Are you eligible for financial help?

When you are faced with a hardship, whether from a natural disaster, death in your family, or other personal crisis, how do you know if you are eligible for help? In this time of need, you have so many different things to worry about and your immediate needs, should not be something you have to sacrifice. Many employers have Employee Assistance programs that may help you in your time of need.

You may qualify for assistance for:

1)   Qualified disaster

  1. results from terrorist or military actions
  2. results from an accident involving a common carrier
  3. is a Presidentially-declared disaster
  4. is deemed catastrophic by the Secretary of the Treasury
  • Personal hardship
    1. Serious illness or injury
    2. Undue hardship not caused by employee
    3. Fire, flood or natural disaster
    4. Military deployment
    5. Violent crime
    6. Death of employee or eligible dependent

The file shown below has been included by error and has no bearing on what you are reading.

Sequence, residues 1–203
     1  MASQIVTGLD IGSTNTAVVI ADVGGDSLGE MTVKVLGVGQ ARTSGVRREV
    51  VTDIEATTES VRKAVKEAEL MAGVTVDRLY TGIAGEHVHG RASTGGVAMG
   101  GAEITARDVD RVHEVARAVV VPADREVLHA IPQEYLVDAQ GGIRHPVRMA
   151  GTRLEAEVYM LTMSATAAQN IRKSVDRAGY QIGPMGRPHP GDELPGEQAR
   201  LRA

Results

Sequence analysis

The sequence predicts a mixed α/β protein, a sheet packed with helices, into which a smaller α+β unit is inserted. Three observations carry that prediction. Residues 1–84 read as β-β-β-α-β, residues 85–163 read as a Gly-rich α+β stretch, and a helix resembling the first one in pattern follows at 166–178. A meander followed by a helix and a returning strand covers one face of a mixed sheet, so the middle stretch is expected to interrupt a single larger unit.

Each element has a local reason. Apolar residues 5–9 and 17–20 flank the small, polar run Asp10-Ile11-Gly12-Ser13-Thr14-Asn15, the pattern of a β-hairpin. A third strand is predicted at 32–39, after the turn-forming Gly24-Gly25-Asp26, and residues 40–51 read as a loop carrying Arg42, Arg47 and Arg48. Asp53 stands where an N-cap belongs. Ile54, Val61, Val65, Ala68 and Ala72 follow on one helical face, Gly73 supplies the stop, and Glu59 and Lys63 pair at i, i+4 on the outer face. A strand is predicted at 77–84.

To obtain assistance from an employer sponsored assistance program, you will have to pass a “needs” assessment. Often-misunderstood, the “needs test” is a component of the legal framework for employee disaster and hardship relief funds. The needs test has its basis in the core concept of charity as being for the relief of the distressed. As the Internal Revenue Service states that “[r]elief of the poor and distressed or of the underprivileged” is an acceptable charitable purpose. For employee disaster and hardship relief funds, this requirement takes the form of the “needy or distressed test,” an assessment of whether individual charitable beneficiaries are the proper recipients of aid.

Part of the needs test is answering a few questions to determine if you are financially you distressed.

Check with your Human Resources department to see what type of employee assistance program is available to assist you in the time of need.  Do not wait until you need assistance.

A note to Employers:

There are many tax, legal, and regulatory components to administering an employee-assistance program.


Doug Stockham

Lori Rogers
Director of Corporate Operations

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